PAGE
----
Can GPU Based Data Handling Take Over From CPUs In Big Databases?
Hadoop and Spark are two commonly used applications for processing and storage of big data clusters. Each has its own advantage but sometimes you need something a bit more specialized and optimized for even bigger workload. That is where Kinetica, previously known as GPUdb, comes in with its unique and supposedly revolutionizing technology of using GPU based data handling.
The Kinetica database claims to use the power of massively distributed GPUs thereby giving up to 1,000 times better real time analytics performance. While on paper it may sound amazing, whether it works properly or not is another question especially when considering a wider range of big data applications and uses.
Kinetica isn’t even the new kid on the block. It has definitely proven itself in the past by creating the terrorist tracking database used by US government as well as the recent partnership with US postal service to improve operations and reduce mail fraud.
The service pulls in data from more than 213,000 scanning devices across the US to deliver more than 100 billion pieces of mail throughout the year. This is 200 times more data handling than the traditional relational database US Post already had in place.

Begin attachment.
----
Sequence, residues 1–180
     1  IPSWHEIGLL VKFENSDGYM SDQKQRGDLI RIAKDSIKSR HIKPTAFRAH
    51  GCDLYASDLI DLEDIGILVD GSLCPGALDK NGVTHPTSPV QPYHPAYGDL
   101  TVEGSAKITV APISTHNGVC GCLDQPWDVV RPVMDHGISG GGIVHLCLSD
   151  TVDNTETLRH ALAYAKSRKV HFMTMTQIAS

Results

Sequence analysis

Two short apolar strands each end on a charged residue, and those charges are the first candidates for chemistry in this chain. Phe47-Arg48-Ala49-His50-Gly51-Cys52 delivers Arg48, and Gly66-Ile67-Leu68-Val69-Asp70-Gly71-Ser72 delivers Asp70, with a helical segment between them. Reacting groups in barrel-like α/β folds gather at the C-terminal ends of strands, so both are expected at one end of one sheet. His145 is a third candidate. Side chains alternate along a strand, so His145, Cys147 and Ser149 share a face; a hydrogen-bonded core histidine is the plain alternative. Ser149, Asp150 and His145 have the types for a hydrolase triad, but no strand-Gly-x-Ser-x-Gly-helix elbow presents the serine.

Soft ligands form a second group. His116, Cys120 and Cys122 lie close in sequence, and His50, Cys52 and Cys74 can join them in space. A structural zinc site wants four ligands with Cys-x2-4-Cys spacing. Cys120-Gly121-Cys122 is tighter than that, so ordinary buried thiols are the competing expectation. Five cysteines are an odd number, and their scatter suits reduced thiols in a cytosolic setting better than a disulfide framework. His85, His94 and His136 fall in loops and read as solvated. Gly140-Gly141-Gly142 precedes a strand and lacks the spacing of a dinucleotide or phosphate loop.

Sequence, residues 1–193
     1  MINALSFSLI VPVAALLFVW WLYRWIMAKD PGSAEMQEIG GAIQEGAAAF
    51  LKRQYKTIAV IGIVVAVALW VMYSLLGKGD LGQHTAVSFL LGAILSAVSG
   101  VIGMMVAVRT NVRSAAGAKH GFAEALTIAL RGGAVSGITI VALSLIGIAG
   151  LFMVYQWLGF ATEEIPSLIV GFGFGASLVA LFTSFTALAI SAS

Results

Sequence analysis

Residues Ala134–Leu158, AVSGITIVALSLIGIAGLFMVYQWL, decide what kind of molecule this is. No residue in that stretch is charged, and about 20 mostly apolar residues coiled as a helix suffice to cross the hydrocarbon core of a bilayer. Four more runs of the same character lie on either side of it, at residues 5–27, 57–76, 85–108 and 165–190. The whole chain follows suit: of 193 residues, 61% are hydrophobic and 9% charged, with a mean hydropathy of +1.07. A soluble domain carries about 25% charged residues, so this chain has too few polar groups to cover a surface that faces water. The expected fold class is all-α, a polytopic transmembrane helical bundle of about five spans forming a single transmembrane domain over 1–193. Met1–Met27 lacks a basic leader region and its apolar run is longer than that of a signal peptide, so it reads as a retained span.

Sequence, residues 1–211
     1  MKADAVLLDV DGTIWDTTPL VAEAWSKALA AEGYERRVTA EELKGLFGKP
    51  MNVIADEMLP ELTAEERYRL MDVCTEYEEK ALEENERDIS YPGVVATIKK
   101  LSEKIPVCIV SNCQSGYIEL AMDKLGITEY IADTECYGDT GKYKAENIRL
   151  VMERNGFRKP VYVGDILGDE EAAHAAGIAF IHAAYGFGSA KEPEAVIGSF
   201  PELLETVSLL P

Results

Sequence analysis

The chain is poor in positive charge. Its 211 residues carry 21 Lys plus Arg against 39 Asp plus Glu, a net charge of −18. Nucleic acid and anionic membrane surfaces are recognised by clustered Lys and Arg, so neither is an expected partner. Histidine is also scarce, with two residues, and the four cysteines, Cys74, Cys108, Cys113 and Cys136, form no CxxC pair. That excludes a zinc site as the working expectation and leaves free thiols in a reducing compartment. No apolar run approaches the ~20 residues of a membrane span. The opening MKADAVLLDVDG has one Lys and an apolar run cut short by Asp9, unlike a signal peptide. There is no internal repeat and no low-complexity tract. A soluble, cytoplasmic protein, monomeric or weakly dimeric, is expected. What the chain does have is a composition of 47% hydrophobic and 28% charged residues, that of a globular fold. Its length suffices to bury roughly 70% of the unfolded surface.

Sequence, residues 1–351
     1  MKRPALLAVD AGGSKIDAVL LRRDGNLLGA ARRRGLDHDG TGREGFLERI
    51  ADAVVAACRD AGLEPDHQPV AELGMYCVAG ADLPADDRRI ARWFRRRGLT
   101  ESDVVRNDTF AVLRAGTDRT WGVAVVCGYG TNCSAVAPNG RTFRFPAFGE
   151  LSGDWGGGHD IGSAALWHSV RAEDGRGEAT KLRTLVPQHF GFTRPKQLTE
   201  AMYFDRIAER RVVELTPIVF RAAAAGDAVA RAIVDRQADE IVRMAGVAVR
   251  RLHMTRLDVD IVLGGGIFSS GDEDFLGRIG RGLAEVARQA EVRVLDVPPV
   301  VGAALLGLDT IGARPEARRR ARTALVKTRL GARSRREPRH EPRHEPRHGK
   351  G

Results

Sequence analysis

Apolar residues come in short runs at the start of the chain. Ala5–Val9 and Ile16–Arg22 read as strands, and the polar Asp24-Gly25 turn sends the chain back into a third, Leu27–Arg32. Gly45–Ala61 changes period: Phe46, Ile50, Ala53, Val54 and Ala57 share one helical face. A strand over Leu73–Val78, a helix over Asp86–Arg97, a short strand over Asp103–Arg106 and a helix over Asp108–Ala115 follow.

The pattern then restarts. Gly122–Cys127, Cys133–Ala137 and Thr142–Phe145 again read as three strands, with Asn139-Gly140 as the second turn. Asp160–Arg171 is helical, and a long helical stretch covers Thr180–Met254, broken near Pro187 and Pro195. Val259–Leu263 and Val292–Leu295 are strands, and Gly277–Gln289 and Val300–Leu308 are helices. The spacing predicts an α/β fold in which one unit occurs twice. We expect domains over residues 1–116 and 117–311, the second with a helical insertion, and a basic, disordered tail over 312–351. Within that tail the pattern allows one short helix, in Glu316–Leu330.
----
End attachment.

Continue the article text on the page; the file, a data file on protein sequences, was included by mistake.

While seemingly diverse, such workloads strike the sweet spot of GPUs, as Todd Mostak, founder and CEO of MapD, wrote: “GPUs excel at tasks requiring large amounts of arithmetically intense calculations, such as visual simulations, hyper-fast database transactions, computer vision and machine learning tasks.”
GPUs definitely have a huge advantage in certain situations for certain workloads, including deep learning, and that’s where the real trick comes in, figuring out where to apply GPU oriented databases in the system. According to Jared Rosoff, director of engineering at VMware, a single GPU contains thousands of cores optimized for matrix math operations and deep learning is a part of that.
However, when it comes to other processes outside of deep learning and visualization, after factoring in the costs of the database, the tried method of CPU oriented database is usually a better choice. Using CPU power for such tasks tends to be cheaper, thanks to companies like Intel which are efficient at packaging great CPU power while keeping costs low.
There is also the factor of industry support. CPU oriented databases have been in use for ages and no one is ready to switch to GPU based just yet since most softwares are incapable of taking full advantage of the parallelism that GPUs offer.